Creating an estate plan seems simple. You meet with an attorney, draw up your documents and sign them. Then, when your life is over, your children inherit your property, and everyone is happy. However, it doesn't always work out so neatly, especially when loved ones realize the property they inherited is contaminated.
This realization may come when your heirs try to sell the property, make improvements or receive complaints from a neighbor. Unfortunately, the law places responsibility for toxic cleanup firmly on the shoulders of the present owners.
After someone has treated the earth like dirt
You certainly don't want to leave your children with the legacy of potentially hundreds of thousands of dollars in environmental cleanup. Most often, this contamination occurs in soil and water and is the result of leaking petroleum tanks, poorly stored chemicals or asbestos disposal, among other things. There may be contamination on your property if, in the past, it held certain operations, including:
- Dry cleaning business
- Auto repair shop
- Junk yard
- Gas station
- Rail yard
- Industrial businesses of other kinds
Cleaning the toxic contamination yourself is risky because, if you do it improperly, you may end up with a bigger mess than when you started. In addition, those owning neighboring properties may decide to take action against you if the contamination spreads. You may qualify for assistance from state or county-funded environmental programs available in some states, including New Jersey. Additionally, under some circumstances, you may be able to sue the previous owner for the cost of cleanup.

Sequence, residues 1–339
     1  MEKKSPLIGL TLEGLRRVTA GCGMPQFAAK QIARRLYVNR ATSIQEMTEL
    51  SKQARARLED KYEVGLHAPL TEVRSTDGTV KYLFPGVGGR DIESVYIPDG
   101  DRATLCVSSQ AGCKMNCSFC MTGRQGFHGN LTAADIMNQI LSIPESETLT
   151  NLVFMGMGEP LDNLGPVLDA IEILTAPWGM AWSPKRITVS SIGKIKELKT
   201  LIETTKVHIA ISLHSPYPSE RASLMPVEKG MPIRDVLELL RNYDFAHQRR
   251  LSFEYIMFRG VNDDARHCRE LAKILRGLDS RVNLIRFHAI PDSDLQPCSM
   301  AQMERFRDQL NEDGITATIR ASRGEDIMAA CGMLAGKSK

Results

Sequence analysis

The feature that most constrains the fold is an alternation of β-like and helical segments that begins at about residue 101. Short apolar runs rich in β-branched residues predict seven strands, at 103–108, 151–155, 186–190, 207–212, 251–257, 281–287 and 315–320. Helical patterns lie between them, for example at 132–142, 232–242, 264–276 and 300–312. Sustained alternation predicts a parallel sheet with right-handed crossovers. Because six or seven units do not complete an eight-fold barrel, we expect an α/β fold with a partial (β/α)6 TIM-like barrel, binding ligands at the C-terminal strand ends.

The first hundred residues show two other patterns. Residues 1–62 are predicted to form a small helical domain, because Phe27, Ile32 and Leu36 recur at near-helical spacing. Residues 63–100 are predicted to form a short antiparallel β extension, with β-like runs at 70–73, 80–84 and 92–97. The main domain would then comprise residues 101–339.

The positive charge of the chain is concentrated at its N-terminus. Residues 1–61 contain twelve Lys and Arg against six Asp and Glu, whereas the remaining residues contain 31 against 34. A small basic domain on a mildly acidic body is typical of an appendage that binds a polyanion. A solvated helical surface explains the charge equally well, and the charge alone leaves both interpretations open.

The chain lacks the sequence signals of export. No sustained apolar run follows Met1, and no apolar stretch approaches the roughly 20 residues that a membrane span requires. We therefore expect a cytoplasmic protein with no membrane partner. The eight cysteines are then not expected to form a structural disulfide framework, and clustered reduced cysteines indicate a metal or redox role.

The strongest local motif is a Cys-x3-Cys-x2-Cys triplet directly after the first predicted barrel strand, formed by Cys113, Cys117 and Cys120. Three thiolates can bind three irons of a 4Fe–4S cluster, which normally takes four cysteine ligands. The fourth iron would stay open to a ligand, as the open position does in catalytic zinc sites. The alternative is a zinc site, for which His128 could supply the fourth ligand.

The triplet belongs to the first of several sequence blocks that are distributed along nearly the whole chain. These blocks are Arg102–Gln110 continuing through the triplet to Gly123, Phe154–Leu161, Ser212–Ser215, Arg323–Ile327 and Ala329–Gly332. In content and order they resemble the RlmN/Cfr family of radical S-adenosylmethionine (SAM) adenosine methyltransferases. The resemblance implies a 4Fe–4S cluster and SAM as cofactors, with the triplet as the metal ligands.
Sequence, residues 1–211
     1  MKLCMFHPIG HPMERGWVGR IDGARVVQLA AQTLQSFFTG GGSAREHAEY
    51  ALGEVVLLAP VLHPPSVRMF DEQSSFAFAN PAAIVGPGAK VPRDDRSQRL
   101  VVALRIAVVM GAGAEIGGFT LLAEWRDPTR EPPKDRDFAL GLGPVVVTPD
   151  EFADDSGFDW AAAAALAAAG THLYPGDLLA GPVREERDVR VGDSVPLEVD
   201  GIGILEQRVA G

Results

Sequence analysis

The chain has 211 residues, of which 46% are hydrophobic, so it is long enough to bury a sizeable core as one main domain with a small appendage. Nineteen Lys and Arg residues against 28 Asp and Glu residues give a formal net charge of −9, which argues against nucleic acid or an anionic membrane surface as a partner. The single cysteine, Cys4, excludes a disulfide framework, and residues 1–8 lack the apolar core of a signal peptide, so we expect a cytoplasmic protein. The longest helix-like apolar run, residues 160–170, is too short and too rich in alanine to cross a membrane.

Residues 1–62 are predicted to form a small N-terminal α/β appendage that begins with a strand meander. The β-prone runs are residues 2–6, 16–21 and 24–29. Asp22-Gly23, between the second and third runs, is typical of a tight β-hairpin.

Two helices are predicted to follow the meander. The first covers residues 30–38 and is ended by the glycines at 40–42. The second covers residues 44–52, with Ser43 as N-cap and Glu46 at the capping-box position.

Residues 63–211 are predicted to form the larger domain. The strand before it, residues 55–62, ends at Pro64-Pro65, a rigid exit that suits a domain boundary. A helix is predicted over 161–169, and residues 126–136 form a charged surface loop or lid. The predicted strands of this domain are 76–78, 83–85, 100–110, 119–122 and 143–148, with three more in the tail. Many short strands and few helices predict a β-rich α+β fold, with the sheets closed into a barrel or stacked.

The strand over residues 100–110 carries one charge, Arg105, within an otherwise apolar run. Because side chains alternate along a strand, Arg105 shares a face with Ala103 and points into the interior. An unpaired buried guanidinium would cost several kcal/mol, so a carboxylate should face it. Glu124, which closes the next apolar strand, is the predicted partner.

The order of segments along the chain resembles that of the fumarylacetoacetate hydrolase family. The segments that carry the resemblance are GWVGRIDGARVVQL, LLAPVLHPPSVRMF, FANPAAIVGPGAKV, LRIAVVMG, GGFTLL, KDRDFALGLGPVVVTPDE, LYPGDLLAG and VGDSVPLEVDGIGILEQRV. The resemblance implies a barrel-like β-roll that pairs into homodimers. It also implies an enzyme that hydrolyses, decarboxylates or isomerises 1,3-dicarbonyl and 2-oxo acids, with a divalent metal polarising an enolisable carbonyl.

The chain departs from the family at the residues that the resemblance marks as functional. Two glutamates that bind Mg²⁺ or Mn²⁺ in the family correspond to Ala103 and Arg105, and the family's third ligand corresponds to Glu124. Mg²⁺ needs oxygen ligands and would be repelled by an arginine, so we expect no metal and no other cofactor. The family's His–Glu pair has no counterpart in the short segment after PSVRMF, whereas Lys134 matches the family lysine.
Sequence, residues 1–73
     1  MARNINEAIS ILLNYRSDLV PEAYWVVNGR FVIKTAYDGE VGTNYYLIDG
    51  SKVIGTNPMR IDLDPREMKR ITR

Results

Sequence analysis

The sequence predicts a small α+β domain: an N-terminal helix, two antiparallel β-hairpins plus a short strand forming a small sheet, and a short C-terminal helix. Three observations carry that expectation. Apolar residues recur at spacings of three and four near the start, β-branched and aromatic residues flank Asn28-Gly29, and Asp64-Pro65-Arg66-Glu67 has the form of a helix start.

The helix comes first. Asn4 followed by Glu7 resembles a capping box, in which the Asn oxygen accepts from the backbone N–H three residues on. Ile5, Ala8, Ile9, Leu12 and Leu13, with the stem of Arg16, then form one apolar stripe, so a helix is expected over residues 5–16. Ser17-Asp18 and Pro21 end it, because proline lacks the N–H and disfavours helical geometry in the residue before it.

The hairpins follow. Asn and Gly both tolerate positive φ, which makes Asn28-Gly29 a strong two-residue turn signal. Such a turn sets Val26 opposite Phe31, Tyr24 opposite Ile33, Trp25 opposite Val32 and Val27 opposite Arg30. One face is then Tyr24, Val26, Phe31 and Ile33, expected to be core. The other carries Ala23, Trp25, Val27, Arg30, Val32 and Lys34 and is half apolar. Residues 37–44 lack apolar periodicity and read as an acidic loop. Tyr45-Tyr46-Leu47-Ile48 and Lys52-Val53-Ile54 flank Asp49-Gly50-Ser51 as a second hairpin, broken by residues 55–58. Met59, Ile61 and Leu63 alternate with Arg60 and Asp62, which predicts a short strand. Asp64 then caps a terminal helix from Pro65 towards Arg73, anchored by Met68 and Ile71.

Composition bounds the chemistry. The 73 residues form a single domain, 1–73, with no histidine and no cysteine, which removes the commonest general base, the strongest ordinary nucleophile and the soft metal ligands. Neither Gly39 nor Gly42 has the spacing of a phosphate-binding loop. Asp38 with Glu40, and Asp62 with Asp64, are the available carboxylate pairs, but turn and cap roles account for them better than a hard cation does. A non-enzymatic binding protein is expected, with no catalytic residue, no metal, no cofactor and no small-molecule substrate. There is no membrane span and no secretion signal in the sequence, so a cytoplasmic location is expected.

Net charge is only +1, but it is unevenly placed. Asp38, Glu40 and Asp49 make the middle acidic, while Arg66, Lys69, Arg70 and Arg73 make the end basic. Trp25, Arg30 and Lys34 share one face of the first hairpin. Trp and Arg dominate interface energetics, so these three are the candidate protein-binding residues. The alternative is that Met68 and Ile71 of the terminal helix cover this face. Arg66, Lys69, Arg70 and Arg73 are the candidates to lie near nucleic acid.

If cleaning up the contamination is not a possibility for you, you may consider establishing a trust fund for your heirs to undertake the project when they inherit the land. Another option is to sell the property as is -- disclosing the contamination -- and offer the money instead of the property to your heirs.
If you know or suspect that there is contamination on your property, passing it along to your heirs may create costly and frustrating issues for them. Clearing a contaminated site is difficult and often involves many agencies to ensure a safe and thorough cleanup. Your heirs may be unable to sell it or find themselves embroiled in legal battles if someone does purchase it while it is still contaminated.
When making your estate plan, you will want to mention your suspicions of contamination to your attorney so you can address those matters from a legal standpoint. Having an attorney with extensive experience in estate planning, real estate transactions and contamination issues will ensure that all your needs are met at once.